Tom Rinaldi appeared on the Huddle & Flow podcast with Jim Trotter and Steve Wyche this week, and one of the things he discussed was what makes a good story.
— Jim Trotter (@JimTrotter_NFL) December 29, 2020
Rinaldi started off by describing a report as “a line” and a story as “a wave,” and here’s how the outgoing ESPN reporter elaborated on that idea.
“A report, which absolutely has value, no question, visually to me a report is a line. A story is a wave. A line can take you from one point to another. It can impart knowledge to you. But does it take you up or down? Is there a low point and a turning point? Are you being taken somewhere that has some dips and curves in it, as opposed to the straight imparting of knowledge, which is more like a line? And as you take a step back and you consider what this might be that you want to impart to people, that you want to share with the readership or viewership or audience, however it’s defined now, I think that thinking along those lines has helped me in terms of the visual – a line versus a wave.”
Later in the conversation, Rinaldi talked about compelling themes in stories. His comments should help explain why so many of his stories are…well, let’s call them “emotional.”
“Do we really take a step back and think ‘what are the themes that really compel us most?’ What are they? This was invaluable for me. A few years ago, I did that. And I really took a step back to say if I could try to give language to the two or three themes that compel me the most, and I’m not saying every story I do is going have one of them, but the ones that compel me most, that I want to tell the most, revolve around these three themes.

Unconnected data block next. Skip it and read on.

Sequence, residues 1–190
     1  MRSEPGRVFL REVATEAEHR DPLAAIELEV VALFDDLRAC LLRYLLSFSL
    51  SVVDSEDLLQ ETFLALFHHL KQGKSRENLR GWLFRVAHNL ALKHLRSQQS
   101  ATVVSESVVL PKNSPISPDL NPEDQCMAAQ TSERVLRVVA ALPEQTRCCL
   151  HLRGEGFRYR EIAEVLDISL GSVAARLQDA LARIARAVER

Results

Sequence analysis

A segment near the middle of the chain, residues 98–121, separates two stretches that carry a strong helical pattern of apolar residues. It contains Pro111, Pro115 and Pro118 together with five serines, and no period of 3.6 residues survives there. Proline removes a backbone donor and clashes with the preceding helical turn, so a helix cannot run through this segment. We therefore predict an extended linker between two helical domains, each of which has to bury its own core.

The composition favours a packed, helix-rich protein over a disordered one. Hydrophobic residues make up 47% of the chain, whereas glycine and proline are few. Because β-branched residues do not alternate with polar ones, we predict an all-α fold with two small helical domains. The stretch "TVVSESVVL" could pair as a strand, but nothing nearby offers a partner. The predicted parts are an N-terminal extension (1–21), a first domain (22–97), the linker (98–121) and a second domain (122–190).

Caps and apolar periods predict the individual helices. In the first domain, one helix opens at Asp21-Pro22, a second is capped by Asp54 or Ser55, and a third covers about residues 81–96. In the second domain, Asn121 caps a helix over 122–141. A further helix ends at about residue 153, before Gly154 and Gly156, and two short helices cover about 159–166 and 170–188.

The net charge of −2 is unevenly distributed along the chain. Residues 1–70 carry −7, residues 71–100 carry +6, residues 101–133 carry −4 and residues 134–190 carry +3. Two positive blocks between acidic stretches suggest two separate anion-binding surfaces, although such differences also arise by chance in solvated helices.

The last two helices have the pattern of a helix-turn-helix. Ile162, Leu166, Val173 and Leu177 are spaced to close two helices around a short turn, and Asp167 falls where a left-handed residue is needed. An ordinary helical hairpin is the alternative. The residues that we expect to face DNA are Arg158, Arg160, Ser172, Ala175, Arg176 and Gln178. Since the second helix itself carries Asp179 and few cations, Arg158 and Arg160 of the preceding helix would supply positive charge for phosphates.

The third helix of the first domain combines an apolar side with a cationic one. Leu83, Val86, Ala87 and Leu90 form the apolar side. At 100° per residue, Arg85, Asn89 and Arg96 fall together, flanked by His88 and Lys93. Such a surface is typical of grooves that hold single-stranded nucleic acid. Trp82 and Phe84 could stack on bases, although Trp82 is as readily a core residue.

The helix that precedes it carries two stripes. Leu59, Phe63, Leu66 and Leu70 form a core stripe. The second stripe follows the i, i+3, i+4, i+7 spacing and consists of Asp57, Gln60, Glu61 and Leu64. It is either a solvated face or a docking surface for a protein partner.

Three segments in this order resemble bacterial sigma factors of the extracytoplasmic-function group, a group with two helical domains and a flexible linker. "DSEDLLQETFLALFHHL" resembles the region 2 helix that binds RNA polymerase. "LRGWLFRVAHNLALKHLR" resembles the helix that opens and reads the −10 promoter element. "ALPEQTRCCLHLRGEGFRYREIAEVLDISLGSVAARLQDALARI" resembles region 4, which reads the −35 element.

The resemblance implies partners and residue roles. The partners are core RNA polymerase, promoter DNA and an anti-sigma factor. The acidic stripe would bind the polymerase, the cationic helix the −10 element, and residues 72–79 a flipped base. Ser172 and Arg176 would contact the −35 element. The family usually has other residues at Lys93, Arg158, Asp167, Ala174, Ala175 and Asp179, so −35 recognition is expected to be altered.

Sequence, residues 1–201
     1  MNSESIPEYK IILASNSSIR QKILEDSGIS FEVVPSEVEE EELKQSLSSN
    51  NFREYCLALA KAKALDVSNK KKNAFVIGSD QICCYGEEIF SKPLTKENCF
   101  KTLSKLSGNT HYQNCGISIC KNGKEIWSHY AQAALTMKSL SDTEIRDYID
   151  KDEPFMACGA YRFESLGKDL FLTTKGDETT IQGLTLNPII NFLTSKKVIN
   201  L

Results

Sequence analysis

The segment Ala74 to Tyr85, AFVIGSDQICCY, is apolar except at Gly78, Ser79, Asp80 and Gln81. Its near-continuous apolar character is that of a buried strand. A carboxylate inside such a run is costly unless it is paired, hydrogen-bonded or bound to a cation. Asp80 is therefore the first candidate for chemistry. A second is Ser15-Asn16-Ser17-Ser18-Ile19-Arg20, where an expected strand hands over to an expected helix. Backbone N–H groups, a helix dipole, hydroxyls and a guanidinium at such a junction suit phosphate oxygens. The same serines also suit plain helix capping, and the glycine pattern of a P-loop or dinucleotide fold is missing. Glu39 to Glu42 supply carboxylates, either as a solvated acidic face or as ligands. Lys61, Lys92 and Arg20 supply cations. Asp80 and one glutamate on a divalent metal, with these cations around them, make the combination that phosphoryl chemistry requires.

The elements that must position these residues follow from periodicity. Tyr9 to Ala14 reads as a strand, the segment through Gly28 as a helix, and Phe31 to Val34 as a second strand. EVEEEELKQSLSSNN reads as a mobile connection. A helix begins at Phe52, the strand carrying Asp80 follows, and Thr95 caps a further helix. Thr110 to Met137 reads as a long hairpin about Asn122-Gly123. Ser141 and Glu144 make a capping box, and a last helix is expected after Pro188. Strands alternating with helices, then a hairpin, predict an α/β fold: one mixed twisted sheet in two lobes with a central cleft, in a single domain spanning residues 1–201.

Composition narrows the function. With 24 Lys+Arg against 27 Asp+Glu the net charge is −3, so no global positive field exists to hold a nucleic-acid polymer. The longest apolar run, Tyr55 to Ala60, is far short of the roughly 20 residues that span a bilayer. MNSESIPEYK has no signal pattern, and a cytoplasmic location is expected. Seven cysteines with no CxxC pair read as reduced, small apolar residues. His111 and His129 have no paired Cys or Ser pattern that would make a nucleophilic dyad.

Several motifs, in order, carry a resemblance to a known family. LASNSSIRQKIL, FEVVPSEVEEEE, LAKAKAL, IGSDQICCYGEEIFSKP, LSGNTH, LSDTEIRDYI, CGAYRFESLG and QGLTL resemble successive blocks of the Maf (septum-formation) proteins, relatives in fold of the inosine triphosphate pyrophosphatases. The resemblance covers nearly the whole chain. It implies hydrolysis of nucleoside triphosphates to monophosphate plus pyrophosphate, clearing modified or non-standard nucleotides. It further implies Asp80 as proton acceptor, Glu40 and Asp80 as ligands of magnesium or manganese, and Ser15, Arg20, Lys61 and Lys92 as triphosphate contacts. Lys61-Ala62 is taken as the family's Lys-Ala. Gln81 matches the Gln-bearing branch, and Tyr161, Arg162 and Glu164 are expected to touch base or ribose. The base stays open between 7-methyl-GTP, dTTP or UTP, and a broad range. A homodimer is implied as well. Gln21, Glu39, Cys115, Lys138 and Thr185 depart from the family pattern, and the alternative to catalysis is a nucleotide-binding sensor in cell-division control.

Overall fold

The line between living and dying, because it’s inherently dramatic in terms of mortality and survival.
Greatness – its pursuit, its cost, its attainment.
And forgiveness. The only dynamic that really exists uniquely to humanity in all living things. You can’t find forgiveness in any other living entity on Earth. Only humanity seems capable of it.”
I really appreciated the wave/line comparison from Rinaldi, because while it’s something I’ve never really thought about, it’s quite true. As for his comments about themes, to each their own, but Rinaldi makes a good case for his preferences.